Anyway, while it might be a little rich to try to divine too much from what is, at its heart, a popularity contest, we do it every year for Australia so why not here too?
At a glance...
Good news if you're...
The darlings of the Wellington and New Zealand beer scene more than matched their popular reputation, scoring 19 separate entries in the top 100, including five in the top ten. With just-announced plans to expand via contract brewing in the Hawkes Bay, their beers are certain to spread further afield – what odds on them cementing many of those top spots next year?
In Wellington or Auckland
Viewed through a regional rather than strictly urban context, breweries in and around New Zealand’s two main centres produced 82 of the 100 beers. Wellington was thus able to live up to its “Craft Beer Capital” label, but only just; it was responsible for 42 beers compared with 40 from the Auckland area.
Brewing hoppy beers
As with the Australian poll, hoppy beer styles were by far the most prominent. Applying some necessarily broad style categorisation, there were 31 IPAs, 22 that could fit in an expansive pale ale group and 11 double IPAs. This compares to 69 in Australia.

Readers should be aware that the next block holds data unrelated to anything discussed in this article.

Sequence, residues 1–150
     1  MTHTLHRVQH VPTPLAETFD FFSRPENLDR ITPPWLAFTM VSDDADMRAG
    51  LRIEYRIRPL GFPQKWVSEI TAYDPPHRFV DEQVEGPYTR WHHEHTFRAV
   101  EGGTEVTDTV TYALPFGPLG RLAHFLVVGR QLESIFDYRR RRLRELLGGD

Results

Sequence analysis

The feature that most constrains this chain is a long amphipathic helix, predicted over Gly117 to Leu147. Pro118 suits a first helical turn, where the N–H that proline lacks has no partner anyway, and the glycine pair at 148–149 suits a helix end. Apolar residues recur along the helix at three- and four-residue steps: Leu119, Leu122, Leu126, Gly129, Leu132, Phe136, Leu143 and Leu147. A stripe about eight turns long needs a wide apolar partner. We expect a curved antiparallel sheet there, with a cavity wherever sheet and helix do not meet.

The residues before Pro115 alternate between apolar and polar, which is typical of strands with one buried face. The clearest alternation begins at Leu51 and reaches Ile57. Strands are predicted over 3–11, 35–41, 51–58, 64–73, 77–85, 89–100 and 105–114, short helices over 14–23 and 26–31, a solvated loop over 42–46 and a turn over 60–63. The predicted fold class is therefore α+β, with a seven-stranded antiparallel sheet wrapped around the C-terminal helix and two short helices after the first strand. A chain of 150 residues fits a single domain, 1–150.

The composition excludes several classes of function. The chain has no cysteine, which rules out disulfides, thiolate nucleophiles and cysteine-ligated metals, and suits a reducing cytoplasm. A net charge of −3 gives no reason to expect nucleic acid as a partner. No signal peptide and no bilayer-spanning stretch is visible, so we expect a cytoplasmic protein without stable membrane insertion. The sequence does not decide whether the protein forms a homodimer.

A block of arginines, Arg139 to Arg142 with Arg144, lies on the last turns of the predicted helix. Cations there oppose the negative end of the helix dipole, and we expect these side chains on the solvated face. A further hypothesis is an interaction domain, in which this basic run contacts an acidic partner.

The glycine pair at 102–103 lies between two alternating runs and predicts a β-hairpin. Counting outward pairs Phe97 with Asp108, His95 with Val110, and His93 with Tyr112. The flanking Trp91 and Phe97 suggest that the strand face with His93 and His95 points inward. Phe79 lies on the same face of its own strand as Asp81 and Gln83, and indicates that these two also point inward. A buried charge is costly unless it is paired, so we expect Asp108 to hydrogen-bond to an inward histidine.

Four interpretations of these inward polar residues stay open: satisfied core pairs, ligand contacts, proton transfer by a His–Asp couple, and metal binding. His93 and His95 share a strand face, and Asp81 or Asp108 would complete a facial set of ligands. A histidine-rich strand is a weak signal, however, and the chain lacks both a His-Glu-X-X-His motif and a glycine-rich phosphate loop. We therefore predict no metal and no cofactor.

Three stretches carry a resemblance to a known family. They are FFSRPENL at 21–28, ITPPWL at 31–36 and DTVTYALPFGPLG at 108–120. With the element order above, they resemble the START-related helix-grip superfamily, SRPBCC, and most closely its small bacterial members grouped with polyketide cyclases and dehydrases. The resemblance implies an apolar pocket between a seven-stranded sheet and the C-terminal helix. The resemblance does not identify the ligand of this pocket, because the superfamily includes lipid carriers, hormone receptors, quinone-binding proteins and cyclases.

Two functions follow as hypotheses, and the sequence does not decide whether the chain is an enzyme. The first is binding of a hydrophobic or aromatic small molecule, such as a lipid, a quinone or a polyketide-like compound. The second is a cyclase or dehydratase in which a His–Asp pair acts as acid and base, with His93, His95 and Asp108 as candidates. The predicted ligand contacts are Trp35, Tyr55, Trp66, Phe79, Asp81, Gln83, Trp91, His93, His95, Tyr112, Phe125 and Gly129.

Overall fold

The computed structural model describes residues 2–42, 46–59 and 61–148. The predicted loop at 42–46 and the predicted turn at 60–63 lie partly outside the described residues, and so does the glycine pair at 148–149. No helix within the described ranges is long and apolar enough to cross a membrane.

That said, there were still more than ten beers that can slot into a broad stout/porter bracket and the popularity of the NZ pilsner style means there are ten lagers/pilsners of various forms in the 100; in Australia a mere two made the countdown.
If you’re a brewery struggling to make an impact with an everyday IPA, your best bet for success in future polls might be to load up on the lactose and start brewing sweet stouts and porters; from Triple Chocolate to Flat White to Tiramisu to Rocky Road, there were ten dessert beers. That perhaps shouldn't be a surprise, given the trend at major beer festivals like GABS and Beervana, where the recent winners of People’s Choice competitions tend to be sweeter beers.
If the results of this poll had been released on the day voting closed, there would have been no argument as to which of the two major players in New Zealand’s beer industry was winning in corporate craft beer stakes: Lion, thanks to its ownership of Panhead and Emerson’s, would have ended up with nine beers while DB would have had just the one, courtesy of Black Dog. However, with Tuatara having since been purchased by DB Breweries, the Heineken-owned company can now lay claim to seven extra placings and has taken a big step towards parity with its enduring corporate rival – who said the 80s were over?